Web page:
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Learn how to use Excel formulas with step-by-step instruction on how to do simple calculations. Also learn how to identify formula errors and how to use absolute, relative and mixed references.

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Using Excel Formulas
Entering Formulas
Entering Formulas Manually
Entering Formulas by Pointing
Entering Formulas using the Formula Palette

Identifying Formula Errors
Using Absolute, Relative and Mixed References

Using Excel Formulas

You use Excel formulas to perform all sorts of calculations on the data that you enter. When you enter a formula into a cell, the cell displays the result of the formula.

You see the formula itself in the formula bar when the cell is activated.

Excel Formulas: formula bar example 1

The following table provides a list of operators that you can use in formulas.

Operator Name / Action
+ Addition
- Subtraction
* Multiplication
/ Division
^ Exponentiation (raised to a power)
= Logical comparison (equal to)
> Logical comparison (greater than)
< Logical comparison (less than)

Operator Precedence is the set of rules that Excel uses to perform its calculations in a formula. The following table lists the Excel operator precedence. This table shows that exponentiation has the highest precedence (that is, its performed first), and logical comparisons have the lowest precedence. If two operators have the same precedence, Excel performs the calculation from left to right.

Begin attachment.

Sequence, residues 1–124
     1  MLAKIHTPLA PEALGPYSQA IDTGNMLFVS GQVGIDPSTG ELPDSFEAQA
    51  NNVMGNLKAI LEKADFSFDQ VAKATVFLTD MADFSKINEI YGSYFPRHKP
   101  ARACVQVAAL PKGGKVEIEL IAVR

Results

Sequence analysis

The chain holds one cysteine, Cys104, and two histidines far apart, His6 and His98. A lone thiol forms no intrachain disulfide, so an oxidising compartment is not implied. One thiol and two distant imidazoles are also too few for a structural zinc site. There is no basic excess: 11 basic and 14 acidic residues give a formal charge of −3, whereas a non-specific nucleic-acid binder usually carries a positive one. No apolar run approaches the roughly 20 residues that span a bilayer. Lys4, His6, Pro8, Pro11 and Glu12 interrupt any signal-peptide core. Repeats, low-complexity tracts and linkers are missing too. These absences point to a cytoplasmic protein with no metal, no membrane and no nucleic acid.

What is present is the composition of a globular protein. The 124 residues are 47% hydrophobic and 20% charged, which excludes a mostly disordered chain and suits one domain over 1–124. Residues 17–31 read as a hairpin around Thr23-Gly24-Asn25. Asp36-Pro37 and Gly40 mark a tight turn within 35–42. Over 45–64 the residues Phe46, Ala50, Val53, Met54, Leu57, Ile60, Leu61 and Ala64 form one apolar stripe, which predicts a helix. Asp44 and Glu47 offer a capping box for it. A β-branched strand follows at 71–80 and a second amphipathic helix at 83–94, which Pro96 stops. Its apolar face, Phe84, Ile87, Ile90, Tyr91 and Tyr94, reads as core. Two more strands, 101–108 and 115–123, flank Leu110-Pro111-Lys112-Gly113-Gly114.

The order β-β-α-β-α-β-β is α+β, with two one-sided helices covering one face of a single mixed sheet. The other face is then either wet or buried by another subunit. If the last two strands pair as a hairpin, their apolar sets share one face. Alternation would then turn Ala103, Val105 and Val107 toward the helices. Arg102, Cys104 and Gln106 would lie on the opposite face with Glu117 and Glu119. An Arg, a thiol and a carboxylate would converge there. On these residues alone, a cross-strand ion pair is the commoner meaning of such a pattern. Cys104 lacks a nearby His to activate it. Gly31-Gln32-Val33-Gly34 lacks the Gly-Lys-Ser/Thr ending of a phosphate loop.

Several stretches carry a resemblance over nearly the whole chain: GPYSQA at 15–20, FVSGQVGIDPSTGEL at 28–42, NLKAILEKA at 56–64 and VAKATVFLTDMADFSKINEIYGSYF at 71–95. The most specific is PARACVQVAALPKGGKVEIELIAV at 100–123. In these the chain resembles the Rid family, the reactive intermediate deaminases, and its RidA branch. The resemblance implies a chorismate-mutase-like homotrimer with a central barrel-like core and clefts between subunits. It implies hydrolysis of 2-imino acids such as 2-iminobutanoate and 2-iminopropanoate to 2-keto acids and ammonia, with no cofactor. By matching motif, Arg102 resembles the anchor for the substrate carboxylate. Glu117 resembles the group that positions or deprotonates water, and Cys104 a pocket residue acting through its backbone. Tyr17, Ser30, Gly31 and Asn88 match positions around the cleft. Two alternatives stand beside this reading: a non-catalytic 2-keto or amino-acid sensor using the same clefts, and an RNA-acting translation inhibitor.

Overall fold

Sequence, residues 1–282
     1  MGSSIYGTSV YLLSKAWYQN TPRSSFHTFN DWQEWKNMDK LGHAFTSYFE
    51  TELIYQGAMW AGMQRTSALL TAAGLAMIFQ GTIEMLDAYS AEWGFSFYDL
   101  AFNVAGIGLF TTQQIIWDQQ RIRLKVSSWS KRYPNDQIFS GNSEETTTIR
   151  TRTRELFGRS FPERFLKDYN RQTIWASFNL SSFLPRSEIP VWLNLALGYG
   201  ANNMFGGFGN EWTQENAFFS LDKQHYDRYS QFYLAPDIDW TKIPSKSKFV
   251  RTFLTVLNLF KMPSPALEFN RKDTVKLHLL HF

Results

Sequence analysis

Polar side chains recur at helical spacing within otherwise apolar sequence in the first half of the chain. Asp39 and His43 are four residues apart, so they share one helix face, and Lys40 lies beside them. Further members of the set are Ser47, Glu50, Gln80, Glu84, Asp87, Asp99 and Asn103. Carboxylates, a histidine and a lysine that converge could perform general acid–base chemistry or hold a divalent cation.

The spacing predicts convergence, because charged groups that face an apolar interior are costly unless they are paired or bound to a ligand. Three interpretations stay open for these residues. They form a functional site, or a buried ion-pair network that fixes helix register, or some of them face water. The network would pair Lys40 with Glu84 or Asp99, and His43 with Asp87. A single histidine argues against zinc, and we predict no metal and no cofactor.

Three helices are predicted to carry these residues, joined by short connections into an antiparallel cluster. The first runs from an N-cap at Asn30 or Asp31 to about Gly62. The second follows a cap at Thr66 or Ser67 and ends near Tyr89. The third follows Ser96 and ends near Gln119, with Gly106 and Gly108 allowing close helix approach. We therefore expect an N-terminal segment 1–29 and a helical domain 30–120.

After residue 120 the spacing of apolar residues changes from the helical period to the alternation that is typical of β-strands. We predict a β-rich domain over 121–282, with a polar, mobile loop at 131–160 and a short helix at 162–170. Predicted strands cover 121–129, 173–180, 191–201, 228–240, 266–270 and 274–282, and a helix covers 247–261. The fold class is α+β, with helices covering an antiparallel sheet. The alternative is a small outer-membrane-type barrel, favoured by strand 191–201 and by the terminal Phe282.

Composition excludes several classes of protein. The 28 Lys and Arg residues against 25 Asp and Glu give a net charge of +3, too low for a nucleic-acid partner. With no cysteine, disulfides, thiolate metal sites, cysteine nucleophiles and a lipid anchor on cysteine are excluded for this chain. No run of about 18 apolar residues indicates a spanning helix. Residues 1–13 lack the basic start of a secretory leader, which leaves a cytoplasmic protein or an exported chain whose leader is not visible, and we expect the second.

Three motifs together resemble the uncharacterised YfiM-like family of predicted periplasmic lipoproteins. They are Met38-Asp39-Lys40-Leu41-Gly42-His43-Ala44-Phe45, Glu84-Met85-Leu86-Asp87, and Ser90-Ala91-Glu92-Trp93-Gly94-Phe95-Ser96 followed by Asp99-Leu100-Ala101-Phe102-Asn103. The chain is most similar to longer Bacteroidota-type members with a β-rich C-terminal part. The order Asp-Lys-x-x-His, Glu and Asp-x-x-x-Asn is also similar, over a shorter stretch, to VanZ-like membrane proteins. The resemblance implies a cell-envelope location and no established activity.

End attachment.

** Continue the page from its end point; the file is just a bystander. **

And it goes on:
You can override operator precedence by using parentheses in your formulas.

Symbol Operator Precedence
^ Exponentiation 1st
* Multiplication 2nd
/ Division 2nd
+ Addition 3rd
- Subtraction 3rd
= Equal to 4th
> Greater than 4th
< Less than 4th

Creating Excel formulas is a snap as long as you remember to begin every formula with an equal sign (=).

For example, suppose that you have a column of numbers that you want to add.

Cell B4 seems like a good spot to place your total, right?

So just follow these steps:

1. Type any value in cells B1, B2 and B3.
2. Select the cell where you want to place your formulas results (in this case, cell B4).
3. Type your formula: =B1+B2+B3
4. Press ENTER.

Your formula disappears from the cell, and the result appears in the cell that you selected.

Your formula (if you re-select the cell) appears in the formula bar.
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See also... Enter Formulas Manually
Enter Formulas by Pointing | Enter Formulas with the Formula Palette
 Identify Formula Errors | Using Absolute, Relative & Mixed References
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